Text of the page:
"In addition, we have adopted both traditional Chinese nursery care methods and Montessori education (a system developed by an Italian physician that aims to develop children's natural interests and activities, rather than relying on formal teaching methods), so parents can rest assured that their child will receive good-quality care, and they will see gradual improvements in their child's habits and cognitive skills."

However, a large number of families are finding it extremely difficult to secure slots at satisfactory day care centers.

Casey said her employer initially capped the number of children per class at about 25, but due to the high demand and the center's growing reputation, each class accepts as many as 30 babies, who are ages 18 months to 3 years old.

Competition for places at the center cooled last year, with classes targeting toddlers age 18 months and younger not even reaching maximum capacity, Casey said. "I think that was caused by the declining number of births in the city," she added.

Consecutive declines

According to the National Bureau of Statistics, the number of newborns has declined for five consecutive years, falling to 10.62 million last year.

Despite the declining birthrate, though, there are still an estimated 42 million children age 3 and younger in China, officials said.

Yang Wenzhuang, head of the population surveillance and family development department at the National Health Commission, said that about one-third of babies younger than 3 urgently need child care services, but only 5.5 percent of them can eventually enroll.

"The gap between supply and demand remains large," he said at a news conference in July.

In some developed countries, the rate of nursery attendance is higher than 35 percent, according to authorities.

Liu Xinyi, a mother of two who moved to the United States a couple of years ago, said there are at least four day care centers close to her apartment complex in Houston, Texas. "As long as you are in need, it is very easy to find an available slot here," she said.

"Sending babies-some as young as six weeks-to nursery care facilities is a very normal practice here in the US," she added.

"In China though, the older generation, or the grandparents, tend to argue against the idea, insisting that the mother or a direct relative should take care of babies so they can receive full, undivided attention."

In an interview with, a newspaper published by the capital's federation of trade unions, Chen Bali, a deputy to the Beijing Municipal People's Congress, said complaints about the high cost of child care services are common.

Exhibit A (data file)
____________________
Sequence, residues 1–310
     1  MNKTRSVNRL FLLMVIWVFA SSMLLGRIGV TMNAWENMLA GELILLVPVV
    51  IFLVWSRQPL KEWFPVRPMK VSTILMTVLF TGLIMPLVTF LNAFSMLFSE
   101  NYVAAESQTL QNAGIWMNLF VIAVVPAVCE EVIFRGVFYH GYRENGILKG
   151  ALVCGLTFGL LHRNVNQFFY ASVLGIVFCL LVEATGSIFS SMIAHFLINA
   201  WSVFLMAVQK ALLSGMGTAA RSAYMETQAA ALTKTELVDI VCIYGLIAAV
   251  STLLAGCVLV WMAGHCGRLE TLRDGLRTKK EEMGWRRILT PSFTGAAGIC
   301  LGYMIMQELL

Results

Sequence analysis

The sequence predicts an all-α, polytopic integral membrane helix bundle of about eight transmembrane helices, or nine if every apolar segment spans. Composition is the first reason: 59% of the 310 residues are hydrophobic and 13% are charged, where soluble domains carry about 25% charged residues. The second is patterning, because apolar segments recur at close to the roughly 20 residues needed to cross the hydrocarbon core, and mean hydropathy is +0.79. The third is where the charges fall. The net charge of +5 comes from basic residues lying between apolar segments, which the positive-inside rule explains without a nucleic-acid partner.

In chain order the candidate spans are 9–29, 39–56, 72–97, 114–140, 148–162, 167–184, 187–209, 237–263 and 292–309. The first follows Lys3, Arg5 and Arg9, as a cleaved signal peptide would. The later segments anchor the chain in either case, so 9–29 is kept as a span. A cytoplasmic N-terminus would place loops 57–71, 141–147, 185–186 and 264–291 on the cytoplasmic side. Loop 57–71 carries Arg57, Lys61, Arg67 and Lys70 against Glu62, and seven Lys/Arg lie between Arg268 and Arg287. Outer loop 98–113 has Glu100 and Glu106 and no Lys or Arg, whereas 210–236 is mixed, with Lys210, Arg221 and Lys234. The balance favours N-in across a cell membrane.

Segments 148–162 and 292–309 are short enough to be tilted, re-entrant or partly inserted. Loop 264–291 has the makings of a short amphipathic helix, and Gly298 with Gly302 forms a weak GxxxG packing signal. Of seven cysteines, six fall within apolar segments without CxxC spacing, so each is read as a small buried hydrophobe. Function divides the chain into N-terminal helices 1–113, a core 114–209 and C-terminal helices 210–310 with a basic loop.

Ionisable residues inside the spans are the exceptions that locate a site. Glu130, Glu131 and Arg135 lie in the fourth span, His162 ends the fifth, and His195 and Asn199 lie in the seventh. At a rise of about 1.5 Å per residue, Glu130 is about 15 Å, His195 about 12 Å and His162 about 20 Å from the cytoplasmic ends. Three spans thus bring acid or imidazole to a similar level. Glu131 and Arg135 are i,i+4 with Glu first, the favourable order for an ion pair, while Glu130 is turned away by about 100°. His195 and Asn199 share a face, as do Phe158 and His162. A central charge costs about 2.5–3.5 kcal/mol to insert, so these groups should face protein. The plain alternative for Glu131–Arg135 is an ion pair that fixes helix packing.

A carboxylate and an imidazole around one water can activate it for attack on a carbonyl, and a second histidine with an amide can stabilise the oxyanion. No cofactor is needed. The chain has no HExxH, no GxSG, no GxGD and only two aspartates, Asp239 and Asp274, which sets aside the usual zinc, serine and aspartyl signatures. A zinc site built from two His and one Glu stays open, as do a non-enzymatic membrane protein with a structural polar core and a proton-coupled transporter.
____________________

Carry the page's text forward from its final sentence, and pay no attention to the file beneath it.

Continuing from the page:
He added that a survey released in November 2020 showed that a nursery care slot at privately funded day care centers in the capital cost about 7,040 yuan a month on average, while only 7.5 percent of such facilities charged less than 3,000.

Hu Peng, a researcher at the Chinese Academy of Social Sciences, said a large number of nursery care facilities are located in shopping malls or office buildings.

"The high rents result in high operating costs. As a result, most working-class people can't afford the fees," he said.

Tackling the shortfall

Recently, the central authorities and local governments have all moved to address the shortage of nursery care services.

According to the 14th Five-Year Plan (2021-25), a blueprint for the country's economic and social development blueprint during the period, the number of nursery slots per 1,000 children will rise to 4.5 from the recent figure of 1.8.

Mao Zhuoyan, the academic at the Capital University of Economics and Business, said the key to developing affordable nursery care services is to mobilize the participation of all sectors of society.

"Specific measures include ramping up construction of community-based care facilities, supporting employers in providing child care services for employees and encouraging kindergartens that have adequate resources to enroll toddlers ages 2 to 3," she said.

Xiong Bingqi, deputy head of the 21st Century Education Research Institute in Beijing, estimated that there would be an excess of kindergarten slots in the next few years.

"It is a great opportunity to take advantage of these empty slots and turn them into nursery care slots to meet the demand," he said.

Wang Lan, head of a kindergarten in Beijing's Xicheng district, said the distribution of related resources in the capital is uneven, so expanding enrollment to include younger babies should be based on local circumstances, and flexible arrangements can be made, such as asking kindergartens to provide such services only on weekends.

Preferential treatment

In Zhengzhou, Henan province, a number of community-based nursery care services have sprouted in recent years.

Since 2018, Gao Linguang, a community official in the city's Zhengdong New Area, has been cooperating with a nursery care company to establish community-based care centers.

He told local media that such a collaboration would allow local authorities to provide preferential policies for businesses, such as waiving rents on public venues, giving discounts on water and electricity bills and issuing subsidies.

In this way, local residents would have access to affordable, quality services, he added.

Casey, the nursery care worker from Jiangsu, said she was heartened to learn that more resources will be invested in the thriving sector in the future. In the meantime, she hoped that more attention would be paid to improving the training and treatment of nursery care workers.

"Taking care of toddlers is quite a demanding job," she said. "But honestly, salaries in this industry are not high at present, and it is not easy to retain experienced staff members."